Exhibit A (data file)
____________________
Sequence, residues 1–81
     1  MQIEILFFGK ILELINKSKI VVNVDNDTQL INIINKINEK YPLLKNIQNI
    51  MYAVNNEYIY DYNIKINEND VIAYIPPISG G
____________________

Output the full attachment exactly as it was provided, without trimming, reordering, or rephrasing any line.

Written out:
Sequence, residues 1–81
     1  MQIEILFFGK ILELINKSKI VVNVDNDTQL INIINKINEK YPLLKNIQNI
    51  MYAVNNEYIY DYNIKINEND VIAYIPPISG G